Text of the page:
KING: So this is really a story about unintended consequences. The justification...
KING: ...For e-cigarettes is that they're supposedly less harmful, they might help people quit. But now the concern is that they're, in fact, luring young people to nicotine.
AUBREY: That's exactly right. And once young people start, it's hard to stop because nicotine, whether it's in a cigarette or a vape stick, is very addictive. The e-cigarette maker Juul says it is trying to combat underage usage. The company says it's focused on harm reduction for adult smokers. Now, data shows sales have been ticking up again, and Matt Myers argues now is the time for the FDA to take decisive action.
MYERS: Over 80% of kids who use e-cigarettes use flavored products. Eliminating those products would be the most significant thing you could do to reverse the youth e-cigarette epidemic.
AUBREY: He says he would also like to see the FDA remove products that deliver much higher levels of nicotine compared to cigarettes.
MARTIN: Right. Some of the flavors are things like cotton candy. They seem directly designed to appeal to kids. So do you think it's possible that the FDA could take some products off the market, but just leave others there?
AUBREY: Yeah. The agency is likely to continue to crack down on the flavored products. They've already denied applications for companies that market flavors such as apple crumble and cinnamon toast crunch, clearly designed to appeal to kids. But it is unclear what the agency will do about menthol, which is very popular. Juul markets a menthol product, and many health organizations have asked the FDA to reject Juul's application. Here's Erika Sward of the American Lung Association.
ERIKA SWARD: We would oppose any Juul product remaining on the market. The history and their actions are clear that they're interested in addicting a new generation. And no Juul product, whether it be tobacco flavored or menthol flavored, should be allowed to remain on the market.
AUBREY: Now, the FDA could announce its decision anytime now.
KING: OK. NPR's Allison Aubrey. Thank you, Allison.
AUBREY: Thank you, Noel.
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KING: At the start of her trial yesterday, prosecutors described Elizabeth Holmes as a villain motivated by greed.
MARTIN: Holmes is the founder of Theranos. This is a biotech company that promised a blood test that would transform the industry. Holmes stands accused of defrauding investors of millions of dollars and deceiving patients. She, though, maintains her innocence.
KING: NPR's Bobby Allyn was in the courtroom yesterday. Good morning, Bobby.
BOBBY ALLYN, BYLINE: Good morning.
KING: Tell me about Elizabeth Holmes' defense.
ALLYN: Yeah. In opening statements, her defense team said being a startup CEO is a tough job. You know, Holmes was working 12 hours a day, seven days a week. She thought of herself as kind of this visionary, and she founded a company when she was 19 years old as a Stanford dropout and hustled for 15 years to grow Theranos into a $9 billion company before it imploded.
Now, when it comes to the fraud she's accused of, her defense lawyers did some wide-ranging finger-pointing. They said the No. 2 at the company, Sunny Balwani, had more oversight than she did over some of the more dubious parts of the company and that laboratory managers, not her, were ultimately responsible for the company's blood testing, which was exposed to be flawed and sometimes just downright inaccurate.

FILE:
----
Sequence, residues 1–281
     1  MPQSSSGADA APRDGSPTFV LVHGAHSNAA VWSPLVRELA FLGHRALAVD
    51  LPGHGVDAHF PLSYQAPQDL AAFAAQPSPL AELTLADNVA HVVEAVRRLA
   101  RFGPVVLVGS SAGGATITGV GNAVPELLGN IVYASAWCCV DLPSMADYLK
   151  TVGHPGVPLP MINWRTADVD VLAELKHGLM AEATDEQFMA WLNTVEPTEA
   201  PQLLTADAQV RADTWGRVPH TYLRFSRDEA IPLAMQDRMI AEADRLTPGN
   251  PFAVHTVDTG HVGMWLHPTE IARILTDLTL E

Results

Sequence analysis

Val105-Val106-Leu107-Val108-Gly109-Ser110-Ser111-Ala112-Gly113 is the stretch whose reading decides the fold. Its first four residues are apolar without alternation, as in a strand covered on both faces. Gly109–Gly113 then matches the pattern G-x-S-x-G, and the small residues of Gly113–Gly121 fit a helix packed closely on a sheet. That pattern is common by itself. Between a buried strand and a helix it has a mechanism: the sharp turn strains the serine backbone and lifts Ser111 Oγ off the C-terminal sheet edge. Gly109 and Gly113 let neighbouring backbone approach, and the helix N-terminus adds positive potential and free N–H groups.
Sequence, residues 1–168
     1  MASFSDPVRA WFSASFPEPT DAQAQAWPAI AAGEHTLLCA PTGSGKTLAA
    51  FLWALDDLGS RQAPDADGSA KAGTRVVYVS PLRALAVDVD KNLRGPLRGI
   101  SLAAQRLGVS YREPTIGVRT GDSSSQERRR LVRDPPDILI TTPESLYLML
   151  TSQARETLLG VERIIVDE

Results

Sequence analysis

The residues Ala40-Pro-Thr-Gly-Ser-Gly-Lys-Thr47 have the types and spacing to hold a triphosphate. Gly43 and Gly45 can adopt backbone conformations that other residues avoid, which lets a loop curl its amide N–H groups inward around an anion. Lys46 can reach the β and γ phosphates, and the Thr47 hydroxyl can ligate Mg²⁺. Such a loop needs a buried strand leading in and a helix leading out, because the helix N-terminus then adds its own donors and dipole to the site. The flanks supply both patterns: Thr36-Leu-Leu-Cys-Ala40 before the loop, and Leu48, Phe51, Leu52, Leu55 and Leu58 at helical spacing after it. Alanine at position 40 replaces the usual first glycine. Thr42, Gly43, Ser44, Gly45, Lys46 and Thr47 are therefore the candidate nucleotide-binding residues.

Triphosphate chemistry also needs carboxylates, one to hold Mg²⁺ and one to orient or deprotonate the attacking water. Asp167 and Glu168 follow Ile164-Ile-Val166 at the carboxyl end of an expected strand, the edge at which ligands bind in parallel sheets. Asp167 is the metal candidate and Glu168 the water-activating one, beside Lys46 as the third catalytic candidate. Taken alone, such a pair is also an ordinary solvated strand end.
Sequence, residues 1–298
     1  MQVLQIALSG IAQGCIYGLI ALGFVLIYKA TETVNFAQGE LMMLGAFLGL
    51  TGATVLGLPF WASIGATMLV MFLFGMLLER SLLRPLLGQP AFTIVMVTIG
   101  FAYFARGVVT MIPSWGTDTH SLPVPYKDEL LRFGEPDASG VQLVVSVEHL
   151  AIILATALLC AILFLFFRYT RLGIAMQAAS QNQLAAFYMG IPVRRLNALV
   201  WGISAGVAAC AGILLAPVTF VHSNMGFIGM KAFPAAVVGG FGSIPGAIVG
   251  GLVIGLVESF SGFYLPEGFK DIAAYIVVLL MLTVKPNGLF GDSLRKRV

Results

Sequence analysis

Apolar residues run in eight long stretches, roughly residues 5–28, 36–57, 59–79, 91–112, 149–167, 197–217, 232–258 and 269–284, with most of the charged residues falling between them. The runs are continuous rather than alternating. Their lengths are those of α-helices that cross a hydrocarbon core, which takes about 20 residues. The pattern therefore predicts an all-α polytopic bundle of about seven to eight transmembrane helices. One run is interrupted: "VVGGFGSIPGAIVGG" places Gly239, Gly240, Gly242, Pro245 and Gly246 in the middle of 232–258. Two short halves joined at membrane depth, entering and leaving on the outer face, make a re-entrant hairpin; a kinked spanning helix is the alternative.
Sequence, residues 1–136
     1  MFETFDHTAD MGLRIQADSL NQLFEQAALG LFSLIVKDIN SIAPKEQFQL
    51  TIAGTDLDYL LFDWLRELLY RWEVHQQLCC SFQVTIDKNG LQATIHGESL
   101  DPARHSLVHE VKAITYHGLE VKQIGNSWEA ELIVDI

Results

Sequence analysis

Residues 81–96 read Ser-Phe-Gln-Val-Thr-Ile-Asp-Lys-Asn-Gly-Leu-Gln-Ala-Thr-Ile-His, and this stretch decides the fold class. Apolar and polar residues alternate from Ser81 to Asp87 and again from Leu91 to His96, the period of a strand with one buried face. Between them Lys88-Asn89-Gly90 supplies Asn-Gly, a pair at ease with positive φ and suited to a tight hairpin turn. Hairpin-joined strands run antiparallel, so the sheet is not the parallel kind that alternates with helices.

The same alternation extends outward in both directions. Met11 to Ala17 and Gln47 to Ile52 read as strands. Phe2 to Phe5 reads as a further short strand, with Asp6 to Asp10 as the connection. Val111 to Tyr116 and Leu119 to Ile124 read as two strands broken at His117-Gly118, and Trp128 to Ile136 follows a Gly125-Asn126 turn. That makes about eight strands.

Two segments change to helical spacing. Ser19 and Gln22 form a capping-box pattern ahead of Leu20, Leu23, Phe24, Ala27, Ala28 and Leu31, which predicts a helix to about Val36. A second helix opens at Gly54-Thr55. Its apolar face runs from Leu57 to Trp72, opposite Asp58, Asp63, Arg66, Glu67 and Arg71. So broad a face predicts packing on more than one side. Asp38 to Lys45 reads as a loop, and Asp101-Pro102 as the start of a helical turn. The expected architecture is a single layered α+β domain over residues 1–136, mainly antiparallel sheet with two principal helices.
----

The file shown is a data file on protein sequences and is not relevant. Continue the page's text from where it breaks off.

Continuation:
One of the defense lawyers, Lance Wade, said, quote, "Ms. Holmes made mistakes, but mistakes are not crimes. A failed business does not make a CEO a criminal."
KING: OK. That's the defense. And what does the prosecution say?
ALLYN: Yeah, they zeroed in on a moment when Theranos was burning cash and on the verge of bankruptcy. Prosecutors said Holmes got really desperate. They said she forged a fake report from Pfizer that made it look like the drug company approved of Theranos, written even on Pfizer letterhead, when, in fact, Pfizer had said the exact opposite. Holmes then used this document to raise lots of money and get lots of glowing media coverage. Meanwhile, prosecutors say Holmes' underlying technology, these blood analyzers, they were a total myth. Prosecutor Robert Leach told the jury that Holmes lied and cheated to get money and, quote, "It's a crime on Main Street, and it's a crime in Silicon Valley."
KING: Why does this trial feel like it is bigger than Elizabeth Holmes, even though it is very much about Elizabeth Holmes?
ALLYN: Yeah, that's right. Look; you know, millionaires are minted all the time in Silicon Valley. And you know, many of these people are chasing that kind of money to tell a story about themselves, about a product, you know, something trying to change the world for the better. But that can put them at odds with regulators and the law. And a lot of people out here in Silicon Valley, you know, think it's OK to sort of push against boundaries. And Elizabeth Holmes was doing this in her own way. But prosecutors said the key difference here is that she broke the law in the process. Traditionally, you know, the norm in Silicon Valley is to sort of move fast and break things. That's a motto you hear a lot around here. But you know, maybe depending on how this trial turns out - if the jury, you know, returns a verdict that says that Elizabeth Holmes is guilty, then maybe it will temper some of that behavior.
KING: Could be interesting, yeah. How long's the trial going to last? Any idea?
ALLYN: Yeah, the judge says we should expect a three-month trial. So a parade of witnesses - Theranos whistleblowers, experts, patients and even perhaps Holmes herself - will be taking the stand to testify. At the end of the year, the jury should start deliberating over Holmes' guilt or innocence. And if convicted, she faces up to two decades behind bars.
KING: NPR's Bobby Allyn in Silicon Valley. Thank you, Bobby.
ALLYN: Thanks so much.